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13 November 2020

Proximo Weekly: Biden his time

Oil & gas
Despite all Trump's propaganda, the new US administration looks set to take a collaborative approach with the oil and gas sector towards energy transition. Can Biden progress where Trump went backwards?

Although he may not have publicly accepted it yet, Trump will be gone from the White House in January. And there are high market expectations for some joined-up-thinking from the new Biden administration on both US infrastructure and energy transition – even allowing for any long term legislative hurdles caused by Trump throwing his toys out of the pram over the next two months.

How much Biden can get done will depend on whether he can persuade the Senate – at best it may end up split 50/50 between Republicans and Democrats.  And persuasion may be possible – Biden was Obama’s chief negotiator with Senate Republicans and after 40-plus years in public service knows how to get the best deal possible from the system. But whether by Senate consensus or executive order, what is Biden likely to try and achieve? And how will that impact US non-environmentally friendly industries, notably oil and gas?

Besides pledging to undo Trump’s withdrawal from the Paris Agreement, Biden was very open and fairly detailed about his environmental policies in the election-run-up. In July he released a plan to spend $2 trillion over four years to combat climate change and achieve zero carbon power by 2035.

His programme appears to be a collaborative one, encompassing both the needs of the fossil fuel industry and the renewables sector in the path to energy transition. There is a strong focus on carbon capture technology for fossil fuels – Biden plans to double down on tax breaks for carbon capture – a move welcomed by industries that struggle to cut production emissions. Nuclear power, hydrogen and utility-scale energy storage (to overcome the capacity feed-in issues caused by the weather that handicaps wind and solar) are also high on the agenda. And even mining looks set to benefit from potential support for lithium and rare earths extraction – a must if the US is to compete with China for battery manufacturing and meet the needs of US manufacturing industries – the EV sector for example – in the future.

Although not anti-fracking, the new administration will likely ban federal leases for fracking, and environmental protections – particularly on offshore oil and gas – will be tightened again, although to what extent and with how much bureaucracy remains unclear (some of the more sensible streamlining of NEPA by Trump may stay).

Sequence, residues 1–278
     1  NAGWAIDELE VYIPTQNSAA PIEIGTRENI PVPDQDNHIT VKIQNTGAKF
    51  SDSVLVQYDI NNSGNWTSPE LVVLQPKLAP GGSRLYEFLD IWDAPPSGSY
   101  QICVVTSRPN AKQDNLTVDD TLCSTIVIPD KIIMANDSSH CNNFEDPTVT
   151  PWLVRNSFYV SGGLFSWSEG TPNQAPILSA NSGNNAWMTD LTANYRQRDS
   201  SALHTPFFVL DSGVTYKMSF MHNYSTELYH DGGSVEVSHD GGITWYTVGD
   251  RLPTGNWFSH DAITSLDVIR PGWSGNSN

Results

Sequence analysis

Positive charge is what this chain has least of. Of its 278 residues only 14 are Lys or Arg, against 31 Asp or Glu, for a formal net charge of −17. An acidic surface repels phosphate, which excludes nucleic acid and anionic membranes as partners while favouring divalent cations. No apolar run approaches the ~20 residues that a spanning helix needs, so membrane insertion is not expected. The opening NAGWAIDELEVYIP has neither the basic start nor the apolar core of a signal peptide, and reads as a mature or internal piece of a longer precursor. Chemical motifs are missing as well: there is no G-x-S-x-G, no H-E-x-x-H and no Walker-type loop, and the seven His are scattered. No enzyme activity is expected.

Biden will also be conscious of labour issues in the US oil and gas sector, particularly the supply chain, which has been hit hard by demand and pricing fallout from Covid-19. But even pre-pandemic, and perhaps in part because of Trump’s pro oil and gas policies and climate change denial, the US oil and gas sector has been very slow to react to price competition from renewables.

In environmental terms both US majors Chevron and ExxonMobil have shown some interest in carbon capture, but no inclination for significant renewables investment, which is odd given the math. Renewable energy is now cheaper than oil and gas in many geographic markets, and the price of electricity looks set to become decoupled from the price of feedstock in the coming years. The US majors appear to be pinning their hopes on carbon capture making their product more competitive. It will have to be very cheap to do so.

That said, in the immediate future, demand for gas – the widely touted fuel for transition – does look set to make a comeback in the wake of a coronavirus vaccine. Furthermore, given the recent slowdown in investment in oil and gas, post-virus investment growth is a real possibility. This is good news for producers and the supply chain they support.

But that possibility is still subject to a rebound in oil and gas prices and reserves valuations, both of which are as reliant on events globally as they are domestically. And given question marks over US foreign policy under the next administration – for example, could Iranian crude be back on the market in the next four years? – if the management of US oil and gas majors want more long term income certainty, they should probably be considering buying, or creating joint ventures with, some renewables heavy hitters.

Selected news articles from Proximo last week


Clearway refinances operational solar project portfolio
Clearway Energy has signed on a $496.57 million project debt facility for Project Phoebus – a 386MW portfolio refinancing of operational solar assets in the US.


France to rein in export guarantees for oil and gas industry
France proposes to stop providing state export guarantees to projects involving dirty forms of oil such as shale from next year, followed by all types of oil from 2025 and gas from 2035.  


Jawa 9 and 10 reaches full financial close
Sponsors of the 2x1000MW Jawa 9 and 10 ultra-supercritical coal-fired power project in Indonesia – PLN-owned Indonesia Power (51%), Barito Pacific (34%) and KEPCO (15%) – have reached all conditions precedent and full financial close on the $2.6 billion debt package backing the scheme.


Lowest bid in for Kuwait IWPPs advisory role
An Ernst & Young-led team have bid the lowest with KD1.2 million ($3.9 million) in the transaction advisory services retender for the Az-Zour North 2&3 and Al Khairan Phase 1 IWPPs in Kuwait.


More details on AMP Capital's mezz financing for Mainstream
Further information has surfaced about Mainstream Renewable Power’s $280 million mezzanine construction finance facility from AMP Capital Infrastructure Debt Fund IV (IDF IV) for its Andes Renovables portfolio of onshore wind and solar projects in Chile.

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